don't save ourselves a lot of trouble and do away with this "N" in the
filename idea from the start.

It's just a slight change to the iteration in
prepare_commit_graph_one().

Instead of looping through files N at a time we'd have a discovery step
where we'd need to open() all the files, see which ones say "my parent
hash hash X", and then create a list of those hashes in order to read a
bunch of commit-graph-<HASH> files.

Is that a bit painful? Sure, but way less painful than dealing with the
caveats I'd mentioned in [1] and SZEDER details here.

And the obvious thing would be to save ourselves most of that work every
time we read by writing a .git/objects/commit-graphs/info on
"commit-graph write", which would be the <HASH> of the end of the
"latest" chain. We could also have some side-index listing the whole
"current" chain in order (but I'm more paranoid about locking/updates to
such a thing, maybe we could put it in the last file in a new chunk
....).

If we didn't have such side-indexes then the way the current loading
works it would need to traverse the files back to front, and *then* load
them front to back (as it does now), so that's a slight pain,
obviously. But not a big deal.

With commit-graph-<HASH> all these unlink() race conditions go away,
partial reads due to concurrent graph writing becomes a non-issue (we'd
just leave the old files, "gc" deals with them later..), no need to
carefully fsync() files/dirs etc as we need to carefully juggle N and
N+1 files.

It also becomes easy to "chain" graphs across repos e.g. via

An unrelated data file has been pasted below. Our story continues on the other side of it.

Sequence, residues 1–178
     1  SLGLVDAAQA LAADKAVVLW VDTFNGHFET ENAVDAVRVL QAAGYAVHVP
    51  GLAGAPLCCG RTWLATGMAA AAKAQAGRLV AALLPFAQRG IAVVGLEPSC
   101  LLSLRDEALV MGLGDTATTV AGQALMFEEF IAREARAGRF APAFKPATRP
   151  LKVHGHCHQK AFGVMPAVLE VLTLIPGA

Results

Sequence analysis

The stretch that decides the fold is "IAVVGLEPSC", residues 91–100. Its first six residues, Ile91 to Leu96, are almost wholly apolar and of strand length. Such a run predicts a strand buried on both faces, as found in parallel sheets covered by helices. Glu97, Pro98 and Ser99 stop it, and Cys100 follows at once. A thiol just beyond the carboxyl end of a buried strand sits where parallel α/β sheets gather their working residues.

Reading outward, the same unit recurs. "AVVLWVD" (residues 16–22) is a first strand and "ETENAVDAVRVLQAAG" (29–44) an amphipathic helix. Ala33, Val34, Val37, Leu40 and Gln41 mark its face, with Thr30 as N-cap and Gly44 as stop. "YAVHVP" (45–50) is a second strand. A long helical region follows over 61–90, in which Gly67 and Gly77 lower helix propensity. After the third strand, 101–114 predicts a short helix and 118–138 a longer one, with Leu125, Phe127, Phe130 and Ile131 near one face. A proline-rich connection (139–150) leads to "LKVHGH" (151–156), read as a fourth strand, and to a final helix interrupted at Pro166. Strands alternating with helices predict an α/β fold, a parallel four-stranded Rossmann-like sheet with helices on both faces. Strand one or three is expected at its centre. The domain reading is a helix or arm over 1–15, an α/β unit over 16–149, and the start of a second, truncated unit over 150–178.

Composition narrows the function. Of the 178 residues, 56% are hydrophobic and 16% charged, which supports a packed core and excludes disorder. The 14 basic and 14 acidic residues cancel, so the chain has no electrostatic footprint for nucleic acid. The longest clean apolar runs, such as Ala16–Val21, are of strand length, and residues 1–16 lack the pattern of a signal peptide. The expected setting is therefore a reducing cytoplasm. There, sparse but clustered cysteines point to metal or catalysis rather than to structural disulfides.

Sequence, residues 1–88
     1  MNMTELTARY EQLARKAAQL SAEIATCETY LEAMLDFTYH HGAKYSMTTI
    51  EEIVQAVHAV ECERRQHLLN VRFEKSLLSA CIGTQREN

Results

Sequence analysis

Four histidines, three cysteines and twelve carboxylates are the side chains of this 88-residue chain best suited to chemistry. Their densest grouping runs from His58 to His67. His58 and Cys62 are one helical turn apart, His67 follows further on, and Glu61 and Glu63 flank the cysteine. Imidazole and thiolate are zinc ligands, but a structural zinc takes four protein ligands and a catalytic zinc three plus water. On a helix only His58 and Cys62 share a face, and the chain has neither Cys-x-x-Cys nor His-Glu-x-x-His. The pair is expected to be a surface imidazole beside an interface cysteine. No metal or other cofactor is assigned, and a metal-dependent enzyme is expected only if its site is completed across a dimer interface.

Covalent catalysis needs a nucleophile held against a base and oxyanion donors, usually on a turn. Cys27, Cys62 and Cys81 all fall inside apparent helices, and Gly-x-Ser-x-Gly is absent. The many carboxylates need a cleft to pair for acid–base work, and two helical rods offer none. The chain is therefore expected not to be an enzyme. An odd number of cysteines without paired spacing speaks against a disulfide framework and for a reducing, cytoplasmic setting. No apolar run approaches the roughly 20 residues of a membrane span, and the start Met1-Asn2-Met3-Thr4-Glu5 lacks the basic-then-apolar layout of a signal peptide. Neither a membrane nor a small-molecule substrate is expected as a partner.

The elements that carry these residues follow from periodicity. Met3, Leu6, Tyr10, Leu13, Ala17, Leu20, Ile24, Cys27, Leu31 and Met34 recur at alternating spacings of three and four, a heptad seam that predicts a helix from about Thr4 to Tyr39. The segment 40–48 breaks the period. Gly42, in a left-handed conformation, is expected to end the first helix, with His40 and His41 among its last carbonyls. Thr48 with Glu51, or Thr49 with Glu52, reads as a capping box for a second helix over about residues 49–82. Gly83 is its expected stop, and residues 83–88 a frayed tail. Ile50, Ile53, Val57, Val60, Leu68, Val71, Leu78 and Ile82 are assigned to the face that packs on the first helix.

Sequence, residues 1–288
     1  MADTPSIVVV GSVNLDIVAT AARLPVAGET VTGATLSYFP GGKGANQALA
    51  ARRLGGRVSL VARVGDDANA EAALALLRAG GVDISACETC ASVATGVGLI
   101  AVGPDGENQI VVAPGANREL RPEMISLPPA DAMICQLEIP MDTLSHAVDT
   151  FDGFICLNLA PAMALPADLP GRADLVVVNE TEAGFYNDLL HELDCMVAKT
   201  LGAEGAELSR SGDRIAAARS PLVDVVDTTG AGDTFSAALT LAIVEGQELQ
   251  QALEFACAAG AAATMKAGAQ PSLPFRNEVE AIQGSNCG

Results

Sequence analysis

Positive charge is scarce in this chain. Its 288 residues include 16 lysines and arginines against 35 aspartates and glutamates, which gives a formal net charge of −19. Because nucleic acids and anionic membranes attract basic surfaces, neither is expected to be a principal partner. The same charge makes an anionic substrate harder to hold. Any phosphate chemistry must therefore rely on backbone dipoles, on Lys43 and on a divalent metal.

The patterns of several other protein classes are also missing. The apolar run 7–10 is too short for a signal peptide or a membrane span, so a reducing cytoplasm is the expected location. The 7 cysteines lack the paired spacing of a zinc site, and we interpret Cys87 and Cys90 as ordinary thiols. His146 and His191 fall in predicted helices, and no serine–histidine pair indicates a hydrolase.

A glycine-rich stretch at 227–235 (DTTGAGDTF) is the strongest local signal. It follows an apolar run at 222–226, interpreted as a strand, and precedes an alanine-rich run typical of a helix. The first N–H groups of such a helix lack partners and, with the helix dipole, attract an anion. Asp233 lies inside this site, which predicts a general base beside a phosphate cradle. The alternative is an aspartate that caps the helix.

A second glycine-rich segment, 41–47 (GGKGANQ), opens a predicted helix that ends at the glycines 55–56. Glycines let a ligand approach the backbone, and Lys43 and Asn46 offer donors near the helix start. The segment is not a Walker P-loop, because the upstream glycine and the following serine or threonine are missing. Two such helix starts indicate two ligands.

alternates. Say in the scenario github/gitlab have where they have a
"main" repo and other objects on another delta island.

In that case the repo would have a local "tip" file with the last link
in its chain, some of which would then refer back to <HASHes> in other
"parent" alternates.

As long as such a setup has a "gc" process that's not overly eager about
pruning old stuff and considers that constellation of repos as a whole
that should just work. You can freely optimize and rewrite graphs across
repos, just be careful about unlinking old stuff.

I don't see how it would work with commit-graph-N without a *lot* of
painful orchestration (where e.g. you *must* guarantee that the parent
repo ends in N, all child repos start at N+1).

> This allows incremental writes without updating the file format.

FWIW this is some of what I was talking about in [2]. In
ds/commit-graph-format-v2 I had feedback to the effect[3] that the
particular way in which you proposed to update the format (changing the
header) wouldn't be worth it, since old clients dealt with it so badly.

But as noted in [3] I see zero reason for why we can't update the
existing format, we just add new chunks. That allows us to add any new
data in backwards-compatible ways.

I see nothing wrong with solution that has split files in principle,
just with the currently proposed commit-graph-N way of doing that.

I just wonder if we're looking at a "Y" solution to an "X-Y" problem
where "X" was unduly dismissed. If updating the format was a non-issue
(which seems to me to be the case), what then?

I imagine we'd still have just a "commit-graph" file, to write a new one
we'd "cp" that one, then munge that existing file to write something new
to the and and "mv" it in-place. It seems to me a (sane) split-file plan
is better, but I'm not in your head, maybe it was a much better for
reasons I'm not imagining before I apparently talked you out of changing
the format itself :)

1. https://public-inbox.org/git/87bm0jirjj.fsf@xxxxxxxxxxxxxxxxxxx/
2. https://public-inbox.org/git/87r298hhlc.fsf@xxxxxxxxxxxxxxxxxxx/
3. https://public-inbox.org/git/87lfzprkfc.fsf@xxxxxxxxxxxxxxxxxxx/